Joining Azar and Fauci at the briefing was Moderna Chief Executive Officer Stéphane Bancel.
"We are on track to make between 500 million and 1 billion doses in 2021," he said.
Among the 95 patients represented in Moderna's early results were 11 who suffered severe cases of COVID-19. All 11 received the placebo, not the actual vaccine, fueling hopes that the drug could prevent serious cases of the disease. Pfizer's results, on the other hand, were not broken down by disease severity, which prompted some physicians to reserve judgment last week.
Another unanswered question: whether some people who get the vaccines will receive partial protection — meaning they could still become infected but suffer only mild symptoms or none at all. That outcome would be a plus — unless such people were unwittingly able to spread the virus, said John Zurlo, chief of the division of infectious diseases at Thomas Jefferson University.
Though Moderna's trial was designed to look for any evidence of that problem, no details were disclosed in the company press release.
Still, the results are promising, Zurlo said. And like many other medical facilities, Jefferson University Hospital already is preparing to administer vaccines to its employees, with the help of detailed guidance from the Philadelphia Department of Public Health, he said.
Nurses, doctors, and other medical personnel will be among the first to get vaccines, both because their services are essential in a continuing pandemic and because they are at higher risk of exposure.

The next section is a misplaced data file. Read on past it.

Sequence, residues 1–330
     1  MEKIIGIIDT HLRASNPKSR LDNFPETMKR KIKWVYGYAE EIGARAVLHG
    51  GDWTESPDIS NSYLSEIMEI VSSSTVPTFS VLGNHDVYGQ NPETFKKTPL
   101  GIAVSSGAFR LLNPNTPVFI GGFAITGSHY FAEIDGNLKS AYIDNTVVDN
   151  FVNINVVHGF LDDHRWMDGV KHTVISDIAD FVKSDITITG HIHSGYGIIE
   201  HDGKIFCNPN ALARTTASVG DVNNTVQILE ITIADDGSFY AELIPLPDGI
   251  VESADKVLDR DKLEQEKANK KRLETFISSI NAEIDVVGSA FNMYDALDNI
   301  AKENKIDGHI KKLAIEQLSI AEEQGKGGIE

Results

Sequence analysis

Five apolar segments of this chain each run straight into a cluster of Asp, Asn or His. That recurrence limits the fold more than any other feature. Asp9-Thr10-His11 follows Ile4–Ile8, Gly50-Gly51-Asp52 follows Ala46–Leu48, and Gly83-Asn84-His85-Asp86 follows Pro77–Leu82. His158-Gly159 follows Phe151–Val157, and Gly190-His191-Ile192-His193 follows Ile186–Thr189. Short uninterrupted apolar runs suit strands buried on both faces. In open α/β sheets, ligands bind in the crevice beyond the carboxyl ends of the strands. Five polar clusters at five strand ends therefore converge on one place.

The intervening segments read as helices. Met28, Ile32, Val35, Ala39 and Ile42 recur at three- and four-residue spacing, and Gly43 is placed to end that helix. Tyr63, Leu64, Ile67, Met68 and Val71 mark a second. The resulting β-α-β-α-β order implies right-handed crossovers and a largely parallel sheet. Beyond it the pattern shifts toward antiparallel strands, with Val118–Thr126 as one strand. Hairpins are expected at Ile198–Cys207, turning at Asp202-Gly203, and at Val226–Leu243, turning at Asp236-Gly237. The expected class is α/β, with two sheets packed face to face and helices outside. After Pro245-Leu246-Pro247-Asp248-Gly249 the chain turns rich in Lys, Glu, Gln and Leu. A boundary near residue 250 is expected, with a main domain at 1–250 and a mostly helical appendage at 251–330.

"We get vaccine on a Tuesday, we want to start vaccinating on a Wednesday," Zurlo said.
Both the Moderna and Pfizer vaccines consist of RNA, the molecular cousin of DNA. They contain genetic instructions for a fragment of a coronavirus — one of the "spike" proteins that protrude from the surface of each virus particle. These instructions allow human cells to make the protein, which in turn prompts the immune system to develop customized antibodies and other defenses should it ever encounter a live infection.
Much of the groundwork for this approach was accomplished by scientists at the University of Pennsylvania, starting in 2005. The university licensed the fruits of that research years ago to two biotech firms, which in turn have sub-licensed it to both Moderna and to BioNTech SE, the German company that is working with Pfizer. That means Penn stands to make money if either vaccine is approved, though terms are confidential.
Dozens of vaccines are in development worldwide, though most have not yet reached the "phase 3" stage like Moderna and Pfizer, which administered their products to tens of thousands of volunteers. Among the other candidates is one made by Inovio Pharmaceuticals of Plymouth Meeting, which also reported progress Monday. The company announced that the FDA had cleared it to resume phase 2 tests in a smaller number of human volunteers.